State-run Bharat Petroleum Corp. Ltd (BPCL) has hit the international bond market to raise as much as $500 million, said two investment bankers, requesting anonymity.
BPCL, India’s second largest refiner and fuel retailer, will raise capital through the sale of foreign currency convertible bonds (FCCBs) to meet its capital expenditure, they added.
“BPCL is expanding its refining and petrochemicals operations. The fundraise will help the company meet the capex requirements for its expansion plans,” said the first investment banker. The bonds have been issued Baa2 rating by Moody’s. The tenure of the issue could, however, not be ascertained immediately. “The affirmation of BPCL’s ratings reflects our expectation that its credit profile will remain constrained by high shareholder returns despite its improving operating profile,” said Vikas Halan, senior vice president, Moody’s, adding that the company may moderate its dividend payments or adjust its capital spending over the next 12-18 months to improve its credit metrics.
Moody’s also expects BPCL to pay an interim dividend of ?14 per share next month. The quantum of dividend is expected to be higher in the absence of a share buy-back.
“Although BPCL, unlike some of the other state-owned oil and gas companies in India, has not yet announced a share buyback, Moody’s expects the company will need to pay an interim dividend in February 2019 of at least ?14 per share, equal to the interim dividend paid in February 2018,” the agency said.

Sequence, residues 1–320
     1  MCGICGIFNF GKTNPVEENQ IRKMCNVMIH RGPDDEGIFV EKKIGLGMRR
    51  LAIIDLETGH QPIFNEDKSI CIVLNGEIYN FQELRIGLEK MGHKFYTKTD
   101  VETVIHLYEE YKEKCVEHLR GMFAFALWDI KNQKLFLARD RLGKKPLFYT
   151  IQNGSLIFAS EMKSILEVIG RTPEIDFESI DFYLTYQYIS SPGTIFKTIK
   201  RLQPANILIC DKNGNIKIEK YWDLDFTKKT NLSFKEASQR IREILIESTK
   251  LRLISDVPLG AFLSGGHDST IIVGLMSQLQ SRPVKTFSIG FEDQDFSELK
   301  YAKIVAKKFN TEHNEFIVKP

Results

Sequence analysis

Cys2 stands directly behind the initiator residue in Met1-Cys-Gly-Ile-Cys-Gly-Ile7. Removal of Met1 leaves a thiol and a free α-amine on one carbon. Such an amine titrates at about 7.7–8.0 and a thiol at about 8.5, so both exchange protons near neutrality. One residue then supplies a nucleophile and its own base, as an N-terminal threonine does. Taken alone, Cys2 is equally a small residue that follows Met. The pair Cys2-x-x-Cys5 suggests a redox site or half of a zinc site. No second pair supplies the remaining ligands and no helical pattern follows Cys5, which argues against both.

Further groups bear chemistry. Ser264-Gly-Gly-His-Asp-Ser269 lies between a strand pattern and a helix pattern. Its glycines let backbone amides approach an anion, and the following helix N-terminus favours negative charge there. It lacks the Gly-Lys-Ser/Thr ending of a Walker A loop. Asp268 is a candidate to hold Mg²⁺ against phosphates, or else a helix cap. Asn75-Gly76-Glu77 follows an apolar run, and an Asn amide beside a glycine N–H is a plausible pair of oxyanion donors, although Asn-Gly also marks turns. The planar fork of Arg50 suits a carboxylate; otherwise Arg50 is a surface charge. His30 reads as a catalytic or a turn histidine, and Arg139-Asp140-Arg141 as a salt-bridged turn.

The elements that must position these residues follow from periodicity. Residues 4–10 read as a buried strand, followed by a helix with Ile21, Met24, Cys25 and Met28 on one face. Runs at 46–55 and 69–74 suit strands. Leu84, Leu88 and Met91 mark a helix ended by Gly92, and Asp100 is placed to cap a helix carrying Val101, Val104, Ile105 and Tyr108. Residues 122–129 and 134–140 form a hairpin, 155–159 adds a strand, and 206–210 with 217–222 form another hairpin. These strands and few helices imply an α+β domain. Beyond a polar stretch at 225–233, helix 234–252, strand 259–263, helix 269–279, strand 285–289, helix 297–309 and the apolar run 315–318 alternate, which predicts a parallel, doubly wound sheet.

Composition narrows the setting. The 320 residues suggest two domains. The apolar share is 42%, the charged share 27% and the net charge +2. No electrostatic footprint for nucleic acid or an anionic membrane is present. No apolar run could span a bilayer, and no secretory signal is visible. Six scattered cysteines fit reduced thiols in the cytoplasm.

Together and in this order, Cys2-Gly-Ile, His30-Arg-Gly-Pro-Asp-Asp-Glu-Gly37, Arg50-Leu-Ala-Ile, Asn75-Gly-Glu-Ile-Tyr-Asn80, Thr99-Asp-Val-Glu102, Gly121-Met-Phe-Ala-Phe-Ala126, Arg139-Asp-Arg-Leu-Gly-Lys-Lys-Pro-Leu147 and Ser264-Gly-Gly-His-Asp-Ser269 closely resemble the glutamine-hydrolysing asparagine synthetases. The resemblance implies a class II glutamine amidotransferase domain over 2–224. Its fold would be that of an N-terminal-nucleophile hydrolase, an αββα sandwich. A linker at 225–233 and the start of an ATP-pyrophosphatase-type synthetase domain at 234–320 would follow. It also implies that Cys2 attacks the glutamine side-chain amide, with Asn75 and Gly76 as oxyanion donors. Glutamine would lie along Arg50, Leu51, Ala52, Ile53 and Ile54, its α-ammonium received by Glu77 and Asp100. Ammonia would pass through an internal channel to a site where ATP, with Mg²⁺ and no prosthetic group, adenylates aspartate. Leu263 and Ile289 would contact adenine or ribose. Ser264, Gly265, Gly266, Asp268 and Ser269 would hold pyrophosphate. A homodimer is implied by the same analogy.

On 13 December, Indian Oil Corp. Ltd (IOCL) had announced a buyback of over 297.6 million shares, besides offering an interim dividend of ?6.75 per equity share. The same month also saw Oil and Natural Gas Corp. (ONGC) announcing a buyback for 1.97% of its equity shares.
Moody’s added that in the absence of a share buyback and given an increase in BPCL’s reported net profit, the interim dividend payable could be even higher than Moody’s current estimates. The agency expects that any such a move may further weaken the company’s credit metrics. Last August, BPCL had paid dividend of ?7 per share for 2017-18.
The rating agency expects BPCL’s debt/earnings before interest tax depreciation and amortization (Ebitda) to remain at elevated levels of 2.7-2.8 times in the fiscal year ending March 2019, compared to 2.8 times in 2017-18.
BPCL’s operating profile has improved since the completion of its Kochi refinery in 2018. Its total refining throughput increased to 37.7 million tonnes in fiscal 2018 from 34.4 million tonnes in the previous financial year. It has also upgraded its refinery to use a higher proportion of heavy crude oil, positioning it well to benefit from the increasing differential between light and heavy crude oil.